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Related: fear - horror - life - macabre - murder - necrophilia - serial killer - suicide - Thanatos

Varieties: death of the avant-garde

Contrast: life

Three Ages of the Woman and the Death (1510) Hans Baldung Grien (1484 - 1545)

Dead Lovers (1528) Matthias Grünewald

La Calavera Catrina (before 1913) - Jose Guadalupe Posada, frequently dubbed in English as the female dandy [Mar 2005]

Sex [...]

Birth, sex (most importantly orgasm or petit mort) and death. Three phenomena that few would disagree are the three most extreme experiences known to humankind. They are interwoven. Three experiences so extreme we lose control of the ego [and our bodies], we touch archetypeal elements. --Adèle Olivia Gladwell in Circles of Sex and Death.

Death of the Author (1968) - Roland Barthes

In his 1968 essay "The Death of the Author," Barthes made a strong, polemical argument against the centrality of the figure of the author in literary study. (Michel Foucault's later article "What is an Author?" responded to Barthes's polemic with an analysis of the social and literary "author-function.") --http://en.wikipedia.org/wiki/Roland_Barthes

Barthes, Roland. 1968. "La mort de l'auteur" (The death of the author). Manteia, vol. 5. Translated by Stephen Heath in Image, Music, Text (1977) - Roland Barthes [Amazon US].

Death and sex

Human sexuality is, quite apart from Christian repressions, a highly questionable phenomenon, and belongs, at least potentially, among the extreme rather than the ordinary experiences of humanity. Tamed as it may be, sexuality remains one of the demonic forces in human consciousness - pushing us at intervals close to taboo and dangerous desires, which range from the impulse to commit sudden arbitrary violence upon another person to the voluptuous yearning for the extinction of one's consciousness, for death itself." --Susan Sontag in the Pornographic Imagination via Styles of Radical Will p. 57, Picador USA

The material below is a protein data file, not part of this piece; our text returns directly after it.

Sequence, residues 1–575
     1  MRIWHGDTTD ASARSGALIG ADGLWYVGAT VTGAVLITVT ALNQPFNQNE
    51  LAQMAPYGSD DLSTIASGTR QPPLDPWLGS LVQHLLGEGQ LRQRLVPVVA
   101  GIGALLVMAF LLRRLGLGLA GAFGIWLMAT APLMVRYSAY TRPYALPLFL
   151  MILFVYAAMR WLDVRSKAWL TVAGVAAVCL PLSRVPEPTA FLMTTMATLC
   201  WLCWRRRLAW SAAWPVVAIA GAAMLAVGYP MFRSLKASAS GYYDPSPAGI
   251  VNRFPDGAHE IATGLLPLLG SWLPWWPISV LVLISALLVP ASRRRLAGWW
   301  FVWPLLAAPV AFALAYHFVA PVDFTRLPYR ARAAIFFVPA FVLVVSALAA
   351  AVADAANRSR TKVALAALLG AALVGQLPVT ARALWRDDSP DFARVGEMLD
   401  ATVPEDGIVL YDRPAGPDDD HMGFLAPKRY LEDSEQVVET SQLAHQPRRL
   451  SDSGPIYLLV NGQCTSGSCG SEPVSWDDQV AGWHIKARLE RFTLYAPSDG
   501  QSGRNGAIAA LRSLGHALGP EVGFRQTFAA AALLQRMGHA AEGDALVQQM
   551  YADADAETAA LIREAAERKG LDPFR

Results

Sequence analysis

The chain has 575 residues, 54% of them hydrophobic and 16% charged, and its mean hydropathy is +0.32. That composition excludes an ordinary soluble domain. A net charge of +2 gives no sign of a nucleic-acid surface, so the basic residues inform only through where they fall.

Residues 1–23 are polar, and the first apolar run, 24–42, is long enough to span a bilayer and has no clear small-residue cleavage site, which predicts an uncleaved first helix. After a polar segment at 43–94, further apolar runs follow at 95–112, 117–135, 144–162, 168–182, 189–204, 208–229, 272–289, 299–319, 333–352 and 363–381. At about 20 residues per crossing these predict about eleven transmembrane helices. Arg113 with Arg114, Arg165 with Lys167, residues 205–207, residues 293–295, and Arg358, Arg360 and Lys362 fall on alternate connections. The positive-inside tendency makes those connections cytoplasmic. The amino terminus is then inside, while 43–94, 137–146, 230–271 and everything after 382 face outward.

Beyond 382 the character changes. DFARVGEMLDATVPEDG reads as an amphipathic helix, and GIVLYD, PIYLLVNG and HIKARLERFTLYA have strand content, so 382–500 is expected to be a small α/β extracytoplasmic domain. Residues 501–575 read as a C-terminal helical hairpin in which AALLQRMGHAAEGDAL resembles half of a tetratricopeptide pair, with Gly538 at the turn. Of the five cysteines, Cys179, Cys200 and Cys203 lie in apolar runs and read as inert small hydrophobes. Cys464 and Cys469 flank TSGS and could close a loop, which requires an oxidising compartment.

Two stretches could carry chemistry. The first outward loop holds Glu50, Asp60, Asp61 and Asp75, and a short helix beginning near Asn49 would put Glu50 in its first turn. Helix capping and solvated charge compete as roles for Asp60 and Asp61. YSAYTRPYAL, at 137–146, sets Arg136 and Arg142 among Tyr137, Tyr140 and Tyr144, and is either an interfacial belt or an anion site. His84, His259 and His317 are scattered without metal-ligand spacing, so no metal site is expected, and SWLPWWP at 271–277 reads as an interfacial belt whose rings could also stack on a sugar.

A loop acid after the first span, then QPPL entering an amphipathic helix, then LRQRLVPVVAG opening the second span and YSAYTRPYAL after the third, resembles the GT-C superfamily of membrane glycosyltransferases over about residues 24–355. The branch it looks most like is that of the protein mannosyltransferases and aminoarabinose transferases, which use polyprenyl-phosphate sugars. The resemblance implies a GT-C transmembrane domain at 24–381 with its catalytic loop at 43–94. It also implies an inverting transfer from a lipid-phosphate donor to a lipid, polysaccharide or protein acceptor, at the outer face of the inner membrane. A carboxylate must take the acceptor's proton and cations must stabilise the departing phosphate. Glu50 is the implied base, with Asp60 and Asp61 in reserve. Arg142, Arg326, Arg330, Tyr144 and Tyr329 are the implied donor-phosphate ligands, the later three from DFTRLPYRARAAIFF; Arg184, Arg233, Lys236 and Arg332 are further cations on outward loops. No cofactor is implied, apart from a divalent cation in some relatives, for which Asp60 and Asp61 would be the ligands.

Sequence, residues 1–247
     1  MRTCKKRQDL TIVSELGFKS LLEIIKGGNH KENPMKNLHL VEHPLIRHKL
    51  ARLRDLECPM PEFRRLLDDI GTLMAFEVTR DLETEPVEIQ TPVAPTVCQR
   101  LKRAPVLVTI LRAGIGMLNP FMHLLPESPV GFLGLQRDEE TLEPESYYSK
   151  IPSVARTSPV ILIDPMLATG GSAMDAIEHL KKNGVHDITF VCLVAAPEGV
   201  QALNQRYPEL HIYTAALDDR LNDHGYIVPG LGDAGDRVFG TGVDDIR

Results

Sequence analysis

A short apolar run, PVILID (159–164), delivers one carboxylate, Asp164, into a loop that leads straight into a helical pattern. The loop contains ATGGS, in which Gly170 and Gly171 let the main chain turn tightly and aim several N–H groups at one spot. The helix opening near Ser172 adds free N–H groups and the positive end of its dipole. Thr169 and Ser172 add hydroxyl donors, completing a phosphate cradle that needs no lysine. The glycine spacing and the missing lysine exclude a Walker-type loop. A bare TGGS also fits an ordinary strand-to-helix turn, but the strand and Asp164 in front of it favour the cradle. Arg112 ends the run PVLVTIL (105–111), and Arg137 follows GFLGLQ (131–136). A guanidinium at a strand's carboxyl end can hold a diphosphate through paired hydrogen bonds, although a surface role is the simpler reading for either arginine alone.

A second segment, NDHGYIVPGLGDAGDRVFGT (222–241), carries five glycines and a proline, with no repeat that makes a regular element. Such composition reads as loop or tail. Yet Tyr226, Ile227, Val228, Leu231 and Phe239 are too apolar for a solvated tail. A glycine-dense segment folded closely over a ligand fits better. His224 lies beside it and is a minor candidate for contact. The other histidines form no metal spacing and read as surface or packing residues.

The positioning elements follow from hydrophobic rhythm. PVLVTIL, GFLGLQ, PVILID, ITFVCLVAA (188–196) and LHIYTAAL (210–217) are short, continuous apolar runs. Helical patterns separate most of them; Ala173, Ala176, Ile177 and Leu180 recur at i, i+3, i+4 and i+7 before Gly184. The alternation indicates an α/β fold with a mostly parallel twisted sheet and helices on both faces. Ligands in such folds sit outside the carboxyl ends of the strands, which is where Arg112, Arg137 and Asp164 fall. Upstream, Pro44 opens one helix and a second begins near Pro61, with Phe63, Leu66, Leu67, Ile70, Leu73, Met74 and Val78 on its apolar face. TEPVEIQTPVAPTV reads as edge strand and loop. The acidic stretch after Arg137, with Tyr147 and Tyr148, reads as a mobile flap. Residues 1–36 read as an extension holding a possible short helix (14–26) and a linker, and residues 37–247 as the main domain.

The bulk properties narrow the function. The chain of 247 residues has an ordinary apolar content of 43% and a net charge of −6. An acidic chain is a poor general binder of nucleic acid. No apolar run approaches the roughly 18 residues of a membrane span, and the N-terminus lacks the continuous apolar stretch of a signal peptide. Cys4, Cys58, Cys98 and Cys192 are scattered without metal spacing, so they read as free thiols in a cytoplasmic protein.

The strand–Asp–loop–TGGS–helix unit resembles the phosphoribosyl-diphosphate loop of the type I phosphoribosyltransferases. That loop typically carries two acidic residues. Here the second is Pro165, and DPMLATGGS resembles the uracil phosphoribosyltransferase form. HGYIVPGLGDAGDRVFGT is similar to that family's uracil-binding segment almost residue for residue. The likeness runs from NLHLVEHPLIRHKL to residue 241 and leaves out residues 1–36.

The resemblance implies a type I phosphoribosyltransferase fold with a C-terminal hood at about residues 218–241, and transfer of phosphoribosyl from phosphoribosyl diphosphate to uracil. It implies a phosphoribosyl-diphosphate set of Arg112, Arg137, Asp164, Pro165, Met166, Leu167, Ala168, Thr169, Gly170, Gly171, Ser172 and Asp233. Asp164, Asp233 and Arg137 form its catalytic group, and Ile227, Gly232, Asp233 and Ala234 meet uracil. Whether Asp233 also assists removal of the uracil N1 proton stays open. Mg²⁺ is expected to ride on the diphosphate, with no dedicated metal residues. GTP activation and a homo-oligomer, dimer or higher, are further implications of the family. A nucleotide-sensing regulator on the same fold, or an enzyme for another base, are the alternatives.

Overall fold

Faces of Death

Mondo cinema's fascination with death reached its zenith with a series of videos called Faces Of Death (1979), mind-numbingly relentless montages of executions, war atrocities, and fatal accidents. In 1995, a mondo film became legally available in Britain for the first time with the release of Executions, a video compiling footage of state executions from around the world. The makers of Executions (David Herman, Arun Kumar, and David Monaghan) stressed that their aim was to highlight the barbarity of capital punishment, though many commentators disputed their sincerity. --Matthew Hunt via http://www.matthewhunt.com/censorship.html

Wisconsin Death Trip (1973) - Michael Lesy

Wisconsin Death Trip (1973) - Michael Lesy [Amazon.com] [FR] [DE] [UK]

From Library Journal
As the title suggests, this is a truly strange book. Published in 1973, it is essentially a collection of photos taken in Black River Falls, WI, by Charles Van Schaik between 1890 and 1910. The subject matter ranges from children in coffins, to farm animals, to family portraits of some of the grimmest-looking people imaginable; the photos are accompanied by snippets from newspapers. The whole package seems to confirm that the good old days were actually awful. Copyright 2000 Reed Business Information, Inc. --via Amazon.com

Wisconsin Death Trip is a non-fiction book by Michael Lesy, first published in 1973. It has been adapted into a film.

The book is based on a collection of late 19th century photographs from Jackson County, Wisconsin, mostly in the town of Black River Falls, and local news reports from the same period. It emphasizes the harsh aspects of Midwestern rural life under the pressures of crime, disease, mental illness, and urbanization.

The film was directed by James Marsh and released in 2000. In a docudrama style, it combined reenactments of some of the events described in the book with a voiceover narration by Ian Holm. --http://en.wikipedia.org/wiki/Wisconsin_Death_Trip [Aug 2005]

see also: photography - USA - 1973


  1. Deathwatch aka Mort en direct, La (1980) - Bertrand Tavernier
    Roddy has a camera implanted in his brain. He is then hired by a television producer to film a documentary of terminally ill Katherine, without her knowledge. His footage will then be run on the popular TV series, "Death Watch"...

  2. Leaving Las Vegas (1995) - Mike Figgis [Amazon.com]